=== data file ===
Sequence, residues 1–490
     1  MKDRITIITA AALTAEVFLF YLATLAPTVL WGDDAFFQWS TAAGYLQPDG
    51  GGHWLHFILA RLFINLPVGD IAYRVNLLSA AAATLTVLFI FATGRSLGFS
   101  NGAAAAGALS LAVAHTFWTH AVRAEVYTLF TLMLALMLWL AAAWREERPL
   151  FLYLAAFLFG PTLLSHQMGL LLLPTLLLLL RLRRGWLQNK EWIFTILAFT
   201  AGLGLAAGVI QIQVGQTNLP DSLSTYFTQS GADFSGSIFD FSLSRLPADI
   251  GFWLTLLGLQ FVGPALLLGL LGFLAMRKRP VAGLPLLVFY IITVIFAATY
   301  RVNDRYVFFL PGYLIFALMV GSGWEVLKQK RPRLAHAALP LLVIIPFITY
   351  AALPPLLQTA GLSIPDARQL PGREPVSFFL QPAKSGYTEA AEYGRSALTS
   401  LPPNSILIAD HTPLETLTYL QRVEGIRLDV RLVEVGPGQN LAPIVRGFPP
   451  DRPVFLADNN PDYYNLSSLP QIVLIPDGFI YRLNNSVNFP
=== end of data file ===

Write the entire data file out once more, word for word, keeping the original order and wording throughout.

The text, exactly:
Sequence, residues 1–490
     1  MKDRITIITA AALTAEVFLF YLATLAPTVL WGDDAFFQWS TAAGYLQPDG
    51  GGHWLHFILA RLFINLPVGD IAYRVNLLSA AAATLTVLFI FATGRSLGFS
   101  NGAAAAGALS LAVAHTFWTH AVRAEVYTLF TLMLALMLWL AAAWREERPL
   151  FLYLAAFLFG PTLLSHQMGL LLLPTLLLLL RLRRGWLQNK EWIFTILAFT
   201  AGLGLAAGVI QIQVGQTNLP DSLSTYFTQS GADFSGSIFD FSLSRLPADI
   251  GFWLTLLGLQ FVGPALLLGL LGFLAMRKRP VAGLPLLVFY IITVIFAATY
   301  RVNDRYVFFL PGYLIFALMV GSGWEVLKQK RPRLAHAALP LLVIIPFITY
   351  AALPPLLQTA GLSIPDARQL PGREPVSFFL QPAKSGYTEA AEYGRSALTS
   401  LPPNSILIAD HTPLETLTYL QRVEGIRLDV RLVEVGPGQN LAPIVRGFPP
   451  DRPVFLADNN PDYYNLSSLP QIVLIPDGFI YRLNNSVNFP